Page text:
Animal welfare activists in Malaysia first heard about the Lotus Life Liberation Park (now renamed Bentong Farm Sanctuary) during the Pulau Ketam abandoned dog crisis of 2009. Many of the rescued dogs who could not find new homes were resettled in the Liberation Park, which was set up by Hai Tao Foundation, a Buddhist organisation. Located in the backwoods of Bentong, Pahang, the Park was intended as a no-kill sanctuary for animals saved from slaughter. Although the Park initially appeared to be well-run, in the later part of 2009, there were complaints of dogs going missing or barely surviving in poor living conditions.
Approximately 4-5 weeks ago, however, upon the retirement of the previous caretaker of the Park, my friends Shahrul and Jorg (who had been volunteers with the SPCA -- Shahrul was later employed by the SPCA as an Education Officer) were offered the position of caretakers of the Liberation Park. The move not only benefitted Shahrul and Jorg’s many companion animals who would now have more space to roam in, but also the Park’s dogs and cats, as my friends have many years of experience of caring for cats and dogs and treating various canine and feline ailments.
Shahrul and Jorg with their dogs.
When That Special Someone arrived in Malaysia, he was keen to visit the no-kill Sanctuary, not merely because Shahrul is a mutual friend, but also because he and I have plans to operate our own animal rescue centre and no-kill shelter one day (Our proposed shelter has no name as yet, but I have taken to jocularly calling it “Our Animal Illam”).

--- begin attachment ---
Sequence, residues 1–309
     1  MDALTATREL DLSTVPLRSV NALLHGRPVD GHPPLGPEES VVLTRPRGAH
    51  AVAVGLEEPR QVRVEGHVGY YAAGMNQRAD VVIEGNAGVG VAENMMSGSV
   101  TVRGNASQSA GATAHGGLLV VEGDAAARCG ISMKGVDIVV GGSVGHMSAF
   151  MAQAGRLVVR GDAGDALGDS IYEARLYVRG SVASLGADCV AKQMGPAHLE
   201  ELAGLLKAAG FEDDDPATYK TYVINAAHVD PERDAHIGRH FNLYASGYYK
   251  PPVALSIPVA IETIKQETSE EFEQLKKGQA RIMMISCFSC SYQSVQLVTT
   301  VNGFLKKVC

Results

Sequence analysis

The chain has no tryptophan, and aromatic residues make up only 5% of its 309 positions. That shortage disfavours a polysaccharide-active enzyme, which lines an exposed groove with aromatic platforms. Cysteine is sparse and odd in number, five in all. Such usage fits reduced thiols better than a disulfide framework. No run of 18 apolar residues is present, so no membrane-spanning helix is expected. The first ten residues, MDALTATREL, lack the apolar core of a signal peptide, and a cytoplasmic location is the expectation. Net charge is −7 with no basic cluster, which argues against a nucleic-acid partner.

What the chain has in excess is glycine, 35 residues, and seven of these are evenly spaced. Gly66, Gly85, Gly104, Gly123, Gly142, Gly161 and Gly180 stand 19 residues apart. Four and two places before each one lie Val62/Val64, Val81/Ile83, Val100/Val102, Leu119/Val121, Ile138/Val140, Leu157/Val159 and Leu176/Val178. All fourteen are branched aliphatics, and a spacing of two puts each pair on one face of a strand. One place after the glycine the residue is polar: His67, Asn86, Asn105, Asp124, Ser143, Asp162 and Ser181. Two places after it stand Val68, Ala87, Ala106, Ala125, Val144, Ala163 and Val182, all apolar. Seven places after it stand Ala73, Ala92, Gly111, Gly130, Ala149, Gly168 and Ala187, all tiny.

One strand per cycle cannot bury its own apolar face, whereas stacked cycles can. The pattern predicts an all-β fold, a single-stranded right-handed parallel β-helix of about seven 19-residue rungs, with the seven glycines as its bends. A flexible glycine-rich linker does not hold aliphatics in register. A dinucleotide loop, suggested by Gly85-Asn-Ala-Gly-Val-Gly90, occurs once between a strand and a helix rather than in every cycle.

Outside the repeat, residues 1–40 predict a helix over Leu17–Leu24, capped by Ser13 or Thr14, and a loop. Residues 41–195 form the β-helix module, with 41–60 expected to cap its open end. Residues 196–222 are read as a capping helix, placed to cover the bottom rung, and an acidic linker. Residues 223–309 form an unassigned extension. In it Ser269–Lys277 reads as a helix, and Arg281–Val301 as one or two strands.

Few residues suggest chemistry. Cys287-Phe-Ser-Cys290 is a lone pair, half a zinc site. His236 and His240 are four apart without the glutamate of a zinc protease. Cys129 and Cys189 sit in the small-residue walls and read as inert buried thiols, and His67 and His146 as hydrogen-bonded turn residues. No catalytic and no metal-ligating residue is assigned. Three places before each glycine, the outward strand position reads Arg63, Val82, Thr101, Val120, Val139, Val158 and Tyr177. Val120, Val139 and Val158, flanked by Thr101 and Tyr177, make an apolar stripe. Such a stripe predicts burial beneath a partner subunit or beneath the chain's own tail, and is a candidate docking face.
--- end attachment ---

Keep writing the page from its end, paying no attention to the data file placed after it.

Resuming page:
It would also be a good opportunity for me to explore the possibility of resettling Rocky, the little dog rescued by Vegan Eugene in April 2010 in the Sanctuary, in the event Rocky is not adopted. Judging by Vegan Eugene’s inability to make a decision, however, Rocky would probably die of old age before Vegan Eugene could make up his mind over which solution is best for Rocky. If all animal rescuers were as indecisive as Vegan Eugene, the dogs and cats would all end up back on the streets.
Shahrul had requested commercial pet food for the dogs and cats and medical supplies such as wound spray, ear cleaning solution and tick shampoo, which That Special Someone and I were happy to provide. Adik – Shahrul and Jorg’s dog – jumped up onto the backseat of the Battletank as soon as I opened the door. Perhaps she could smell the food and knew that it was meant for her!
Vaccinated and neutered cats rest in a large cage to prevent them from running away and going missing in an unfamiliar new place.
Guess who’s on top of your cage, kitties! Getting clucky over kittens, are we?
When Shahrul and Jorg first arrived, many of the dogs were emaciated, sickly, full of ticks and absolutely terrified of people. Within weeks, the dogs are now healthier, cleaner and visibly happier and friendlier.
That Special Someone was enchanted by the 104-acre farm. “Only a month ago I was looking at the pictures you posted of this farm on Facebook,” he said to Shahrul as we feasted on the organic mangosteens and rambutans. “And now here I am”. It’s funny how Providence works, sometimes.
Cows grazing in the open fields is a sight to set anyone’s chakras in balance.
Ducks and geese strut and swagger around their pond, secure in the knowledge that they would never be eaten.
I’m not really sure why I was so excited to see chickens.
The hens are happy to have space to roam in and the opportunity to engage in natural behaviour such as scratching and dust-bathing.
It’s time to visit the goats in their clean and well-ventilated goat pen!
“I kid ewe not”, avers this youngster, “I really am happee-ee-eeh here!”